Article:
A few days ago the anniversary of a space milestone was remembered. It was starred by Neil Armstrong, the same as later would reach the Moon. It was the first spatial coupling between two ships. But it was not easy, and it had dramatic episodes. But it was still a memorable milestone, worth remembering.
Armstrong and David Scott were launched on a Gemini 8 ship on March 16, 1966. They left aboard a Titan III rocket from Cape Canaveral. Three hours earlier, their target, an Agena unmanned vehicle, took off on an Atlas rocket.
The Gemini 8 mission was planned for three days. In them, Armstrong and Scott would meet with the target vehicle Agena-D and perform four connection tests. There were six hours of flight, with five orbits and nine encounter maneuvers. Armstrong closed the distance between the Gemini and Agena and proceeded to dock. Within minutes, the Agena's connecting latches closed. A green light indicated that the pairing was completed successfully.
Soon after, the problems began. The Agena vehicle began executing its attitude control program, which maneuvered the linked ships to turn 90 degrees to the right. Scott realized that Gemini 8 was already spinning. Armstrong used his ship's thrusters to stop him. But after stopping, the process immediately started again.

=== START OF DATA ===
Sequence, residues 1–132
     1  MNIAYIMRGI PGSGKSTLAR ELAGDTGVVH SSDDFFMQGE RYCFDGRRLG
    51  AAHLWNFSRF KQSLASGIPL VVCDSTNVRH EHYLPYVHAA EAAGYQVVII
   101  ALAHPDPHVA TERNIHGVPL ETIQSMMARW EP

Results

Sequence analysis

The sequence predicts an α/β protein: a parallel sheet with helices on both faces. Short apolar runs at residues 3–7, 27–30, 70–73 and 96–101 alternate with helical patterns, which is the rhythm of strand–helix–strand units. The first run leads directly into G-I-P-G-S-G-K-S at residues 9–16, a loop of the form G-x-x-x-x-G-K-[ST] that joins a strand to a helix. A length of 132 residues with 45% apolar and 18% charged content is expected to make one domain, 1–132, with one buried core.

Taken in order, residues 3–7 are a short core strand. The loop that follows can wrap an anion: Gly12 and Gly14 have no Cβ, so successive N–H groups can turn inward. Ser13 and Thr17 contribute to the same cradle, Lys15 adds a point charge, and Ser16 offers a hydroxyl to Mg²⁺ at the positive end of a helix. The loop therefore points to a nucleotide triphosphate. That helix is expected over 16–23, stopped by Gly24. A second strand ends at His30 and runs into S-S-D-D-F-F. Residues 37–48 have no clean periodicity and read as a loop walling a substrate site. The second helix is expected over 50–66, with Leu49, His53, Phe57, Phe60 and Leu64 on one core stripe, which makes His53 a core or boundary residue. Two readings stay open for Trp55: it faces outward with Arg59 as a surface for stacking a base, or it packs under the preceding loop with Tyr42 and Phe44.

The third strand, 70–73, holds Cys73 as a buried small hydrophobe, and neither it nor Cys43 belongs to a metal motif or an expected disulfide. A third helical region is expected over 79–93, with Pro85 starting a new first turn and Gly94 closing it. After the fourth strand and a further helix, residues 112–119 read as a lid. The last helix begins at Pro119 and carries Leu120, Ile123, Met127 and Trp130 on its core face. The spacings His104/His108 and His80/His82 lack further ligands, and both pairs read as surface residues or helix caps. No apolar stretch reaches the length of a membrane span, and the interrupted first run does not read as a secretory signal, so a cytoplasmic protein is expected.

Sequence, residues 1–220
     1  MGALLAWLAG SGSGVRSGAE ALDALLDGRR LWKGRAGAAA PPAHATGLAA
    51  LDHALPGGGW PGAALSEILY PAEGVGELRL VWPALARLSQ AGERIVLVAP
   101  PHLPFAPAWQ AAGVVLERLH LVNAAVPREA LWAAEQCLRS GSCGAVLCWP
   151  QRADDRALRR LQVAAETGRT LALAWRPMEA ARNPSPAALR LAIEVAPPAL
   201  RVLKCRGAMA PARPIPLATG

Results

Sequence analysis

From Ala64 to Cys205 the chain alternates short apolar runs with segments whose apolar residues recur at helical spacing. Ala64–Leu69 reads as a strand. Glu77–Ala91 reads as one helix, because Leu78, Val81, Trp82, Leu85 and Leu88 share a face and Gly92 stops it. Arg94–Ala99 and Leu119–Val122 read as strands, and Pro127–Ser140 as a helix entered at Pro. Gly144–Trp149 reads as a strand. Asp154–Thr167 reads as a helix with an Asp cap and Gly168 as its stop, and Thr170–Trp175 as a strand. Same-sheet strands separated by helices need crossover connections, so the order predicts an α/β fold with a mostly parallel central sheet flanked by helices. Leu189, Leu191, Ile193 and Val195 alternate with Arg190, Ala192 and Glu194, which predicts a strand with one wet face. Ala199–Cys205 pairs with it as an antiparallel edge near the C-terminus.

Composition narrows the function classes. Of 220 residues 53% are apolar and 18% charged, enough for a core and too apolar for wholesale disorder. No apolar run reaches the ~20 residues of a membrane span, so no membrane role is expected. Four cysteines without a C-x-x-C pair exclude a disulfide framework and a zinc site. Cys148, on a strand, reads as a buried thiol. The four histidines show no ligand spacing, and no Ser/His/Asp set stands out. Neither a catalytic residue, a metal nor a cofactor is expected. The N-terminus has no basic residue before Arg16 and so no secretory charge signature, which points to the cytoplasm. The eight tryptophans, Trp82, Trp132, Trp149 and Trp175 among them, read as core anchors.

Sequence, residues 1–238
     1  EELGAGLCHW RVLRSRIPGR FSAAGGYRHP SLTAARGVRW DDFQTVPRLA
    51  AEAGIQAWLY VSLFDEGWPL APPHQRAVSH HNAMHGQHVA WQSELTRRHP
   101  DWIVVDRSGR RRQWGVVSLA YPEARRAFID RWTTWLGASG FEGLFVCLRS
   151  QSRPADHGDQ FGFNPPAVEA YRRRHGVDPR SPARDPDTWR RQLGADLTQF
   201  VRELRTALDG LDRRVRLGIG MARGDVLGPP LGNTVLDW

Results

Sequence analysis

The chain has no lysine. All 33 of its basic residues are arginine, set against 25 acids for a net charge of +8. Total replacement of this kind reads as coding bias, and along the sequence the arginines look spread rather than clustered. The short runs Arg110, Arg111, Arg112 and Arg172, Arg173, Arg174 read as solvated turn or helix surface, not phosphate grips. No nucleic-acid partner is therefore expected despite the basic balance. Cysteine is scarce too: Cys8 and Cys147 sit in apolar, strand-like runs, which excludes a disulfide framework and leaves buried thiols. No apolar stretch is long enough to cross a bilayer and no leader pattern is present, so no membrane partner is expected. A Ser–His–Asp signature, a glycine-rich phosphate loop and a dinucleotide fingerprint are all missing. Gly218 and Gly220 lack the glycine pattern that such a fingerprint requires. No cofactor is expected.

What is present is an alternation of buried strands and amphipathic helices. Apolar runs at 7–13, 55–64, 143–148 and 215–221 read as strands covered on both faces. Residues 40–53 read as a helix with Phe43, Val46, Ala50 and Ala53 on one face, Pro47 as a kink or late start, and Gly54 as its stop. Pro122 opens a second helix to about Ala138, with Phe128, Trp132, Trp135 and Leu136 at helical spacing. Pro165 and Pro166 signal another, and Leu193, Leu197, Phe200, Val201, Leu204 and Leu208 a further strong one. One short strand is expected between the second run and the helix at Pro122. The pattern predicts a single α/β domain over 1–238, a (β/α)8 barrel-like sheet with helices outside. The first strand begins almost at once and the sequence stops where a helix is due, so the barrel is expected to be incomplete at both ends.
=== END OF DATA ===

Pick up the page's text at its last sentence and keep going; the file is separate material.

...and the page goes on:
Armstrong reported that the fuel in the powertrain had been reduced to 30 percent. That indicated that the problem could occur in his own spaceship. They decided to decouple from Agena so they could analyze the situation. Scott switched Agena's control to ground command, while Armstrong struggled to stabilize the vehicle. At least enough to allow decoupling. Scott then pressed the undock button, and Armstrong fired a long burst of travel thrusters to get away from Agena.
Without the added mass of the Agena, the Gemini's turning speed began to accelerate rapidly. It reached one revolution per second. That caused the astronauts to have blurred vision, putting them in danger of unconsciousness. Armstrong used the Reentry Control System (RCS) thrusters to stop the turn.
After stabilizing the spacecraft, they tested each propeller one by one. Number 8 was found to have been left on. Nearly 75 percent of the reentry maneuver fuel had been used to stop the turn. Under the mission rules, the flight would be canceled once the RCS was used for any reason. Gemini 8 immediately prepared for an emergency landing.
It was decided to allow the ship to continue one more orbit so that it could moor where the recovery forces reach it. The original plan was that Gemini 8 would land in the Atlantic. But it ended up being in the Pacific, 800 kilometers east of Okinawa, Japan. The astronauts were recovered safe and sound. Even with problems, they had achieved the first spatial coupling.